The BTC-T era of the British Touring Car Championship has been responsible for some of the most talked about cars in BTCC history. You have the Triple Eight-run Vauxhall Astra Coupe, which dominated the early BTC-T era in the hands of Plato, Muller and Thompson. You have the Honda Integra Type R which famously wrested the driver’s titles away from Vauxhall in 2005 and 2006 in the hands of Matt Neal.
And then you have some of the lesser talked about cars of the era, like the Pegeuot 406 Coupe and the car I’m exploring in today’s edition of BTCC History, the BTC-T Proton Impian.
Not often noted for its BTCC success, the Proton Impian was one of the BTC-T era’s more unusual entries, and it never quite managed to take the BTCC by storm. I’ve looked back at the history of the Proton Impian in the BTCC in this edition of BTCC History.
First released in August 2000, the Proton
In late 2001, Proton announced that they would be entering the 2002 BTCC season with the Impian under the Team Petronas Syntium Proton banner.
BTC-T Proton Impian Technical Specifications
Chassis: Proton Waja
Length: 4,473 mm
Wheelbase: 2,600 mm
Engine: Mountune Racing 1,996 cc, in-line 4 cylinder
Transmission: X-trac six speed sequential
Stats sourced from BTCC Pages & Ultimate Car Page
The Proton Impian In The BTCC
Proton’s debut in the BTCC came on April 1st 2002 at Brands Hatch GP. With experienced BTCC racer and 1999 runner-up David Leslie alongside impressive 2001 rookie Phil Bennett, the team’s driver lineup was a strong one with plenty of BTCC experience between the pair. Despite winning the 2001 title with Vauxhall, Jason Plato found himself without a drive for the 2002 season and was hotly tipped to drive for Proton before moving to ASCAR.
The early years of the BTC-T era are remembered as the years where the Triple Eight-run Vauxhall Astra Coupe was dominant, but Proton
Proton’s first weekend in the BTCC passed without much success. Leslie retired from both races and Bennett finished 11th and 6th across the series’ opening weekend. However, it didn’t take long for the team to pick up their first BTCC silverware. Leslie finished 3rd in the feature race at Oulton Park in round two and followed up the strong form with further 3rd placed finishes at Silverstone and Mondello Park all before the midpoint of the season. Another podium, this time a, 2nd place in race 11 at Croft followed before a solid but unspectacular end to the year saw the season finish without any further podium finishes.
Leslie finished 2002 7th in the championship on 79 points, but teammate Bennett wouldn’t be so fortunate. His 6th place in the opening weekend at Brands Hatch remained his best result of the year as he ended the season 16th out of 17 drivers in the BTC-T touring class. It was a tough season for Bennett, who had greatly impressed with his final season finish of 4th the year before.
Proton finished 2002 4th and last in the
The Proton Impian continued to be Proton’s challenger of choice in 2003 and with a winter revamp of the car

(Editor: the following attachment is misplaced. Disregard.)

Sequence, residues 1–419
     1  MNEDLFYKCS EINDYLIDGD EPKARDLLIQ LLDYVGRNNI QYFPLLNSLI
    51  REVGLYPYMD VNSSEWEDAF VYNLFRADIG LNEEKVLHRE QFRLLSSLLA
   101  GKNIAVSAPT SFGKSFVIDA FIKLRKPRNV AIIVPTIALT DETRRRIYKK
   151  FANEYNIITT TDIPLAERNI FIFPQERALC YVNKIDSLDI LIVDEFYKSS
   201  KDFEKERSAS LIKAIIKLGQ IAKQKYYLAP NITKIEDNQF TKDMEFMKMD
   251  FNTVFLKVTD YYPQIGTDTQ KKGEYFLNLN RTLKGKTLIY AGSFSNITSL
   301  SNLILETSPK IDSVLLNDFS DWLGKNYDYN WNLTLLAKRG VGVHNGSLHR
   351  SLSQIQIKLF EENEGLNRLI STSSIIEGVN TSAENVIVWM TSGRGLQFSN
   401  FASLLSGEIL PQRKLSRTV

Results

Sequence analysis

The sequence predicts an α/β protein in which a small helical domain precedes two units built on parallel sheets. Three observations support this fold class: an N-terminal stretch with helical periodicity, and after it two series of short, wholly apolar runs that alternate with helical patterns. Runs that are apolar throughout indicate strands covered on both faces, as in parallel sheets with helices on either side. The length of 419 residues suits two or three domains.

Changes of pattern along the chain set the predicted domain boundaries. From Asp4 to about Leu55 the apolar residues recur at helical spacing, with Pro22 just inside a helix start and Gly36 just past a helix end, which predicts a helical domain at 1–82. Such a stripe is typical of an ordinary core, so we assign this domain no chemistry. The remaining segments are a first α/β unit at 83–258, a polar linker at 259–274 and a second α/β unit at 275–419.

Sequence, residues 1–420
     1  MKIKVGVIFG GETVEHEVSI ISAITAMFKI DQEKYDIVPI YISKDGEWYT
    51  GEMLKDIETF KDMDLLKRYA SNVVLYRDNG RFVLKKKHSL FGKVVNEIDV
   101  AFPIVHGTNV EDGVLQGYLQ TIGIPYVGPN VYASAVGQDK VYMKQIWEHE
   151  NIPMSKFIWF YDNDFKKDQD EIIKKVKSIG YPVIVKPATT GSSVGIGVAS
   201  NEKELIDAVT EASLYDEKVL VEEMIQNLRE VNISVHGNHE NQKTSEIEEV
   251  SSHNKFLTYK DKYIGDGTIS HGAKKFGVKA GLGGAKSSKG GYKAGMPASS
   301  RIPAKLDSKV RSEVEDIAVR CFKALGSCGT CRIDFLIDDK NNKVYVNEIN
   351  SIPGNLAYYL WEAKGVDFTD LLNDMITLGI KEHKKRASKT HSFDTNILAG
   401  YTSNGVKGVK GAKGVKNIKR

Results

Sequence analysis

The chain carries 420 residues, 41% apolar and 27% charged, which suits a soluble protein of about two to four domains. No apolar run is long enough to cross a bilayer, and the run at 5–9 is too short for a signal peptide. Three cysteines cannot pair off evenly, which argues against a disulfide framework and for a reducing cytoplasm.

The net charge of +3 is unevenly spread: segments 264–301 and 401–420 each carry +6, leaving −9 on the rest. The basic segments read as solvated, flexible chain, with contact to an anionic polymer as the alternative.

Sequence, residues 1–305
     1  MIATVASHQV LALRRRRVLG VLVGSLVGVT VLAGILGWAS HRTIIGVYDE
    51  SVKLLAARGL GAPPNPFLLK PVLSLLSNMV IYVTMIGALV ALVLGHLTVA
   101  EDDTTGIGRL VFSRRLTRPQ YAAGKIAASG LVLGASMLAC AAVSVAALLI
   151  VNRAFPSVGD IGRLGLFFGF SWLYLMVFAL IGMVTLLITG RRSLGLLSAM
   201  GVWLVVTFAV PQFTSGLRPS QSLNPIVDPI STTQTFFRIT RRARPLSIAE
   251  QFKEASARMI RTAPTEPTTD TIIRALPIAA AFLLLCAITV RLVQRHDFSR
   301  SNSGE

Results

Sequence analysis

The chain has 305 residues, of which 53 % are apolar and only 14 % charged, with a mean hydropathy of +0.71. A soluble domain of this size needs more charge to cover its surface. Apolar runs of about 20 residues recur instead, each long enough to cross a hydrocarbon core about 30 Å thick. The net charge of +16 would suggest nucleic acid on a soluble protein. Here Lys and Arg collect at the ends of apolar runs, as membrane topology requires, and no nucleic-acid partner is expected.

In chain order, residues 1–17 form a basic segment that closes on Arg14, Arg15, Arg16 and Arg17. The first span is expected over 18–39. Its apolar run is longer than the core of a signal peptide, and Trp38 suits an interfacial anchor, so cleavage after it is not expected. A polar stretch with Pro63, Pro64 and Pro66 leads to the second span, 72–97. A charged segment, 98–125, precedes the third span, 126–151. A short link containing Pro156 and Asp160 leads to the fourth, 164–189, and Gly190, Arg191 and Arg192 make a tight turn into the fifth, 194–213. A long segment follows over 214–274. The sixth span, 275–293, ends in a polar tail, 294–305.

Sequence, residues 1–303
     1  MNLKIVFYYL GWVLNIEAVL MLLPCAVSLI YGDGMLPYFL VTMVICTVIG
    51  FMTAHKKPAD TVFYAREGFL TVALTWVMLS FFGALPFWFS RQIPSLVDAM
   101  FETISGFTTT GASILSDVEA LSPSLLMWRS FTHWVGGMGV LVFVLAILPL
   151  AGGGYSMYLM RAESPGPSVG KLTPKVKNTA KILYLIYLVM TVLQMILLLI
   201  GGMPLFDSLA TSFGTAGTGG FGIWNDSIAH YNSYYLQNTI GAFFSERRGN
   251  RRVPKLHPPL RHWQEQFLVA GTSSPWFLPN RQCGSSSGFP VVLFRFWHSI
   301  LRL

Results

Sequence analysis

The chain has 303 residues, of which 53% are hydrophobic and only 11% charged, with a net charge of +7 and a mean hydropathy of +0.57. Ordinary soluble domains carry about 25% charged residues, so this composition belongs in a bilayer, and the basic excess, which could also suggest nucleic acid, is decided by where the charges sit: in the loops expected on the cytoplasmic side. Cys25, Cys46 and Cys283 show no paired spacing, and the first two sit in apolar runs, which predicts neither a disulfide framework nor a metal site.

Leslie finished the season in 11th with Bennett 17th as Proton again finished last in the manufacturer’s standings, 168 points behind MG. Poor reliability hit the team hard, as the Impian failed to finish 14 times over the course of the season with Leslie failing to start the final race of the year at Oulton Park.
Leslie’s 5th place in the opening race of the season at Mondello Park would be the team’s best result of the year, with Bennett’s 8th place at Rockingham his best result.
2004 featured the biggest shakeup at Proton since the team joined the BTCC as both Leslie and Bennett left Proton and the BTCC. The pair were replaced by Malaysian Fariqe Hairuman and South African touring car champion and race winner Shaun Watson-Smith. With SEAT joining the series with an S2000 specification Toledo Cupra, the competition at the head of the BTCC increased and Proton’s two rookies struggled in their maiden seasons.
Watson-Smith scored a season-best result of 7th at Brands Hatch Indy early on in the year on his way to 14th in the standings, whilst Hairuman struggled in the BTCC and finished the year on 0 points and in 23rd in the table. The Impian was again unreliable, and Proton finished 4th and last in the manufacturer’s standings for the third year running. The team finished 10th in the team’s standings.
Proton withdrew from the BTCC at the end of 2004 after three years in the series. The two Impians left the UK and moved to Malaysia where they raced in the Asian Touring Car Championship as the Proton Waja with Fariqe Hairuman as one of the drivers. Hairuman finished second in the 2005 and 2006 championship in the Impian and cars were retired ahead of the 2007 season.
The Proton Impian’s BTCC legacy isn’t a glittering one, but the Impian remains one of the more unusual cars of the early BTC-T era. It was never able to deliver the kind of results Leslie and Bennett were capable of, but Proton’s commitment to the BTCC between 2002 and 2004 can’t
What are your memories of the Proton Impian in the BTCC? Let me know in the comments below or over on Facebook!
No article about Proton in the BTCC can be complete without mention of the tragic aircraft accident which claimed the lives of David Leslie, Chris